camera and take a picture of the bear.
Distances shown from Golden Lakes
The trail then zick-zacked down into the North Mowich River
valley, which was pretty since the sun came out once again and
strangely illuminated the dense old growth forest.
Old growth at North Mowich River
I met an old ranger on patrol close to the wodden shelters down
in the valley and then started the long climb up to Mowich Lake.
Up at the lake, the weather turned absolutely miserable and it
down-poured like crazy. There was another tent set up by a guy
called Joe Kadic.
Camping at Mowich Lake
It was great to finally talk to someone for a longer period of
time after being on my own for so long. I was starving and sick of my
awful macaroni & cheese dinners and he offered me some of his
delicious beef jerky. He had been on the trail already for 8 days
or so and was circumnavigating Rainier in the opposite direction
as I did. He took a picture of me with my camera in front of
Mowich Lake. It turned out it was the only picture featuring me as
a motive and not my backpack :-).
The next day I got up early and started to hike up Ipsut Pass
and then down into the Ipsut valley along the Ipsut Creek in pouring rain. I passed a
big boulder just after the pass and a fat marmot was just sitting
on it in the rain doing nothing. Funny!
Ipsut Pass Marmot
The trail descended into extremely dense old growth rain
forest. A pretty cool sight, but kind of spooky too being all
alone. The trail reached its Northern apex - and possibly its
lowest elevation - at Ipsut Falls and then turned into the Carbon
Old growth rainforest near Ipsut Falls
After a while I finally could see the infamous Carbon Glacier,
the lowest-reaching glacier in the continental USA. The snout
looked like it rammed straight into the forest.
The snout of the Carbon Glacier
Crossing the Carbon River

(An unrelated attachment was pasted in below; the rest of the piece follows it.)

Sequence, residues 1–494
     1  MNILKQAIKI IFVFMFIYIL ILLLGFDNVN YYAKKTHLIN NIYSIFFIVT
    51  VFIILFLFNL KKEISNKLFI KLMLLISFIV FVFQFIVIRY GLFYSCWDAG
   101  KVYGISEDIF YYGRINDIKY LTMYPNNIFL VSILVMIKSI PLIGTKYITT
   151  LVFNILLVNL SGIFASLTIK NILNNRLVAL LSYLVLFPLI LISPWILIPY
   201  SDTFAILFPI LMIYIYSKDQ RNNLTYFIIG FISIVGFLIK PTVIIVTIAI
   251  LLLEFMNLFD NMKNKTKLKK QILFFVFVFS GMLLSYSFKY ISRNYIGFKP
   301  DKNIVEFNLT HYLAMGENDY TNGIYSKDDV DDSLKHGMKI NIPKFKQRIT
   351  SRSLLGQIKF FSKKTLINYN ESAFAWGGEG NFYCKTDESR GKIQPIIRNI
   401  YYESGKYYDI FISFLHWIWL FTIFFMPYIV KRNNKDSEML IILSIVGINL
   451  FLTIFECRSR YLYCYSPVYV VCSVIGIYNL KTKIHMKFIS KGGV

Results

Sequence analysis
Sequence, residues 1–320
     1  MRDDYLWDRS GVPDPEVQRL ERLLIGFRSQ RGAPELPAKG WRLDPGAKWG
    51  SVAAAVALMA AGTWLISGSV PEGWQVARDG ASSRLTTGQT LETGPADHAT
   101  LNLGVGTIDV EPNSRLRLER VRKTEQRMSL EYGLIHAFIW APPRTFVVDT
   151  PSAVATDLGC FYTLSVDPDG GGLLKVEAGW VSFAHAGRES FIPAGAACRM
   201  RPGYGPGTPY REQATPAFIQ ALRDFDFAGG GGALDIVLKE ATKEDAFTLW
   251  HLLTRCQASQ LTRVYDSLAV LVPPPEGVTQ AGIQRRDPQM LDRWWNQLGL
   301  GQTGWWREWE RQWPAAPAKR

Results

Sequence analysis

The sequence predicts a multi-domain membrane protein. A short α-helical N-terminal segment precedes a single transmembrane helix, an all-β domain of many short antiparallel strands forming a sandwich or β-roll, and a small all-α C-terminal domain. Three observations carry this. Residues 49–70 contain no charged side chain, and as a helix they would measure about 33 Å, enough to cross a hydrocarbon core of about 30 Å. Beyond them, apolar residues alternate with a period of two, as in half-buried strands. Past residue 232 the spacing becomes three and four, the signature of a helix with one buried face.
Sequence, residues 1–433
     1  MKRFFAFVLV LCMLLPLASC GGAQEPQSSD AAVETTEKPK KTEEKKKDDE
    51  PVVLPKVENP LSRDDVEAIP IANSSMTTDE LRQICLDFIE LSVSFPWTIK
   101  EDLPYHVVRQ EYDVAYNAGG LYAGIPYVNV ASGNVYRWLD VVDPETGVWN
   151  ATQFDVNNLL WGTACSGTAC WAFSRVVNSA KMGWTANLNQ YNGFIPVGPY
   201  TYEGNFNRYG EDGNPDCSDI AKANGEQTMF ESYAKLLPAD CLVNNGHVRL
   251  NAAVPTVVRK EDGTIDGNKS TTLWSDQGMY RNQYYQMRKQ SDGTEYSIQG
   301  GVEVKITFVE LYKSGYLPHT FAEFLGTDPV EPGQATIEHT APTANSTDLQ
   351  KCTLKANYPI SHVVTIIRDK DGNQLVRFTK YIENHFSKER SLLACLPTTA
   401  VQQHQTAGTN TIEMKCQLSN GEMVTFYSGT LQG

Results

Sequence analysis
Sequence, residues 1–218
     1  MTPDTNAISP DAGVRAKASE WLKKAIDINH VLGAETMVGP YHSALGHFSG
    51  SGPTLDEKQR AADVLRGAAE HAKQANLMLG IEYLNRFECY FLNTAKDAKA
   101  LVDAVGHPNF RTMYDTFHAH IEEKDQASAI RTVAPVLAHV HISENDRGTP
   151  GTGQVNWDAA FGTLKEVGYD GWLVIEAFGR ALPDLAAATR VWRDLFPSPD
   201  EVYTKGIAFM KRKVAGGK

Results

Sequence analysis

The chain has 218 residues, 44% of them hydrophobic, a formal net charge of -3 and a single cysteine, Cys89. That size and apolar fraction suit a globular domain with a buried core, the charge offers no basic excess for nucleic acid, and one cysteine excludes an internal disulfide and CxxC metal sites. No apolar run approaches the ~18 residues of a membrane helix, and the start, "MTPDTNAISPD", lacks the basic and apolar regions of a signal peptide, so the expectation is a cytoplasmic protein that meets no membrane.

The glacier was completely covered in rocks and
the amazing thing was that there were actually small trees growing
ON the glacier! I crossed the suspension bridge over the Carbon
River just befor the snout of the glacier and got some good views
of the glaciers "mouth".
The snout once again
The trail then ascended gently along the massive Carbon Glacier
(which had already been engulfed by dense fogs and allowed for no
views). In the meadows of Moraine Park I met tons of marmots and
two Swiss girls who were on their way to Ipsut Creek Ranger
station. After another hour or so I finally reached my destination
of the day: Mystic Lake.
And mystic it was! Again I was the only person camping at this
foggy patch of the world. At least I accidentally ran into
luxurious five star toilet faciltities close to camp.
Open air casino!
The next morning I woke up to brillantly blue skies and hit the
trail in good spirits. After an hour I crossed the snout of the
Winthrop Glacier and took a picture of my loyal friend HAT in
front of the infamous North Face of Mt Rainier.
from l.t.r.: Steamboat Prow/Camp Schurman - Winthrop Glacier -
Curtis Ridge - Willis Wall
The hike up Burroughs Mountain was hot, dusty and took ages. I
got to Sunrise in the early afternoon and bought all kinds of
crappy food at the snack shop. Being back in civilization felt
strange but good! I had quite a stretch of walking left to do, my
goal was to reach Indian Bar Camp, which was another 10 miles from
where I was. I thought I could save a little bit of time by
short-cutting the hike from Sunrise to White River by
hitch-hiking down the road. I waited ages before someone picked me up. Finally a
ranger gave me a ride and when I got down to White River it was
already 4pm. No way I would make it before dark to Indian Bar!
Having hiked already the stretch up to Panhandle Gap earlier in
the summer, I told myself to call it a day and postpone the only
missing part of the Wonderland Trail that I hadnt hiked (Panhandle
Gap - Indian Bar - Nickel Creek) to the future. A nice guy from
Guest Services Inc., the company I was working for that summer,
picked me up in his truck and we drove together back to Paradise.
Felt good to be back! A shower, my girl and a hearty meal at the
Inn rounded-off the five day excursion around 3/4 of Rainier.